Who Benefits from the Philadelphia Soda Tax? All Philadelphians, and especially those with low-incomes

 

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The tax on sugar-sweetened beverages (SSBs) proposed by Mayor Kenney, also known as the “soda tax,” is controversial mainly because, like other sales taxes, it takes a greater share of the income of poor families than rich ones. However, while the costs of the soda tax fall more heavily on those with low incomes, more of the benefit of the tax will go to low-income Philadelphians as well, for two reasons:

The first benefit of the tax flows from how the new revenue will be spent — on pre-K education, community schools, and parks and community recreation centers. Pre-K education helps kids from low- and moderate-income families have a better start in life. Studies have shown that children who attend pre-K programs score higher on academic tests and that these benefits are greater for those whose families have lower incomes. And the effects of Pre-K education are long lasting: long-term studies have shown that those who receive Pre-K education have higher IQs at age 5, have higher high school graduation rates, are more likely to own a home and have higher incomes at age 40.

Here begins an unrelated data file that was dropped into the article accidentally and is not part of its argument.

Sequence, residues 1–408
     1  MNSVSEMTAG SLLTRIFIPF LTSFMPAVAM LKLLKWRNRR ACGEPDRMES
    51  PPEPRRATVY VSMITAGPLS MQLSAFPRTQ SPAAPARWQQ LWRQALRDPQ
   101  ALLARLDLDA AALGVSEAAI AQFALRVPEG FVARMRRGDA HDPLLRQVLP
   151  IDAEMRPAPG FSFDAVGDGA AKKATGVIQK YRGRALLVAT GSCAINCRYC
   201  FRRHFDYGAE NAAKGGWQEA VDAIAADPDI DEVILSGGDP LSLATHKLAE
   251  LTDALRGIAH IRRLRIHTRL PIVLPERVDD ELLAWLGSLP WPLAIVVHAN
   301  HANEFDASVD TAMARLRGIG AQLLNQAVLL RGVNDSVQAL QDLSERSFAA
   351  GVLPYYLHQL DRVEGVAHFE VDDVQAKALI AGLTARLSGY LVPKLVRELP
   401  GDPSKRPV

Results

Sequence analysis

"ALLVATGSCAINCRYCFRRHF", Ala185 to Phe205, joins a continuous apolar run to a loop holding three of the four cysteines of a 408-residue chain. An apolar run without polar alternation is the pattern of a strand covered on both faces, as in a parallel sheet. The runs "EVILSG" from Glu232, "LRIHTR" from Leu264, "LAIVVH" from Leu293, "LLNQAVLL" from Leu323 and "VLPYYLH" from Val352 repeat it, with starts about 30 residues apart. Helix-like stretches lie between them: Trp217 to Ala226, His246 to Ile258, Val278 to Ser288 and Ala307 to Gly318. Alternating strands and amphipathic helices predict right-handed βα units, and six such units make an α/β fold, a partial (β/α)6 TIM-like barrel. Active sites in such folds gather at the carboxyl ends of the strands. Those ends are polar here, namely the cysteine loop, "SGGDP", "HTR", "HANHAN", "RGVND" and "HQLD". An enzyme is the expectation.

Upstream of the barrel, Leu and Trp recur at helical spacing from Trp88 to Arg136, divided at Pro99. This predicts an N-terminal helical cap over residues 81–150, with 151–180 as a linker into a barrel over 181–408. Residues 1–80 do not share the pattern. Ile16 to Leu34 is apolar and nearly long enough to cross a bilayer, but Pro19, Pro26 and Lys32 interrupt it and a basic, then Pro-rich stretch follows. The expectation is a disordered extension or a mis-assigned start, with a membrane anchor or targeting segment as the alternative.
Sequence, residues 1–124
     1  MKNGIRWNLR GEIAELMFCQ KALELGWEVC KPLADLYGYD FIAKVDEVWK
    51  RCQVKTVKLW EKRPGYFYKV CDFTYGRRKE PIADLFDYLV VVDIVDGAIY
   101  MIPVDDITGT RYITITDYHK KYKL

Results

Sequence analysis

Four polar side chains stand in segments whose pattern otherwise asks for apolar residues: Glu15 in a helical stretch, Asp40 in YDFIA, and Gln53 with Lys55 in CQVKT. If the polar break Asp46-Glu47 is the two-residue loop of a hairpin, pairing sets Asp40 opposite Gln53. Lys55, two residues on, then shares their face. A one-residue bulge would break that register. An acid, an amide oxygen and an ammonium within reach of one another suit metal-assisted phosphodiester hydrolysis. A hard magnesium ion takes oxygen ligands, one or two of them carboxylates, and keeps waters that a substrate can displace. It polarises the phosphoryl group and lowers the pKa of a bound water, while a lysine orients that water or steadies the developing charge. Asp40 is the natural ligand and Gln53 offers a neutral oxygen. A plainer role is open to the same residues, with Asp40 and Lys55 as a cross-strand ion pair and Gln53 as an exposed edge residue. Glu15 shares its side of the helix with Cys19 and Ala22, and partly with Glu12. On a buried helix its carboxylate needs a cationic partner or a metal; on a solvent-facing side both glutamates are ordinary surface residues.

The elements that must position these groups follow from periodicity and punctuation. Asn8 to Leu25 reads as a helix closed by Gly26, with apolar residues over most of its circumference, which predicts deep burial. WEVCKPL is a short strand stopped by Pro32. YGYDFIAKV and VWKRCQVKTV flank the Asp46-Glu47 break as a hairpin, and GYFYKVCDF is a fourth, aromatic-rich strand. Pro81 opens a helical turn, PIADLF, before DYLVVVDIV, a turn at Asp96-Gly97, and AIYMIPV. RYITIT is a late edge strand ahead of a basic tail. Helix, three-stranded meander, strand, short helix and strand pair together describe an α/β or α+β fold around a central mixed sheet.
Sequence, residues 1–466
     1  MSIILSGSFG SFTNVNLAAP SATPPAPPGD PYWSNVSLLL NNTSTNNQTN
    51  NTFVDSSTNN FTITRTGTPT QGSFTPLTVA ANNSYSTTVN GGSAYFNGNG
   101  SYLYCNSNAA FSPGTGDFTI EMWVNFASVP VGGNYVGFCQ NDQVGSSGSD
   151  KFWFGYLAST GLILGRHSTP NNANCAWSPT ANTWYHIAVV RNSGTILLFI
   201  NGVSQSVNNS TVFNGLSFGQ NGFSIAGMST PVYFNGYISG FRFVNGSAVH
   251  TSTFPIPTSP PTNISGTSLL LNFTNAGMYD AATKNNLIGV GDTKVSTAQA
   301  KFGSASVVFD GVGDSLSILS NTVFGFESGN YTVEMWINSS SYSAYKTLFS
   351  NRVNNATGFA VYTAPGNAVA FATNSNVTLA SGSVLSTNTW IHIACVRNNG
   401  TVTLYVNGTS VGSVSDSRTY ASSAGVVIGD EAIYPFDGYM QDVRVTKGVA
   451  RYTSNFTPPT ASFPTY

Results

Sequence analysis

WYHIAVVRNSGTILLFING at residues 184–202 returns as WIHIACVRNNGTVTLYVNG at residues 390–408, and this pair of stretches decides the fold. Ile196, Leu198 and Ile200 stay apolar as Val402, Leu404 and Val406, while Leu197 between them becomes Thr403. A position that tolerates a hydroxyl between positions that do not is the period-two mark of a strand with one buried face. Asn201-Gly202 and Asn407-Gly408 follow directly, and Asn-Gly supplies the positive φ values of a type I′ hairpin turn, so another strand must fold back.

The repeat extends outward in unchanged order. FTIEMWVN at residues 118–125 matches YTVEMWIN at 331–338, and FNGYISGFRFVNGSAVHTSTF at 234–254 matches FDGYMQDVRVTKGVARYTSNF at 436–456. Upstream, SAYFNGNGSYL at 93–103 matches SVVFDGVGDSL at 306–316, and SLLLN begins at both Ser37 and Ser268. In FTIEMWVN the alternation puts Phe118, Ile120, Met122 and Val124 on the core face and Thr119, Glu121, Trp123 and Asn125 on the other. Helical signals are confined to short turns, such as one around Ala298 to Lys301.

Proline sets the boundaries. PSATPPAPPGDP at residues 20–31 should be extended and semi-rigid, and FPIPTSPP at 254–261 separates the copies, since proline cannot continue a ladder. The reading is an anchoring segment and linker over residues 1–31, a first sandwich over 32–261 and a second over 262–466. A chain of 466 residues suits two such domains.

Recreation centers and parks not only provide benefits to individuals, young and old, but are at the center of vibrant Philadelphia neighborhoods. They provide not just fun but hope for kids. And while everyone in Philadelphia benefits from them, they are especially important to those with low- and moderate- incomes who don’t have the means to use private alternatives.

It is true that there are other ways to fund Pre-K education and parks and recreation centers. And, given the income gap between rich and poor in Philadelphia and the United States as a whole, it could be argued that these goods should by paid for by those with higher incomes.

But the second benefit of a soda tax — the contribution it will make to the health and economic well-being of all Philadelphians, and especially those with low incomes — depends on this specific tax on sugar-sweetened drinks. Those benefits are not as obvious, but provide a critical element in the case for a soda tax.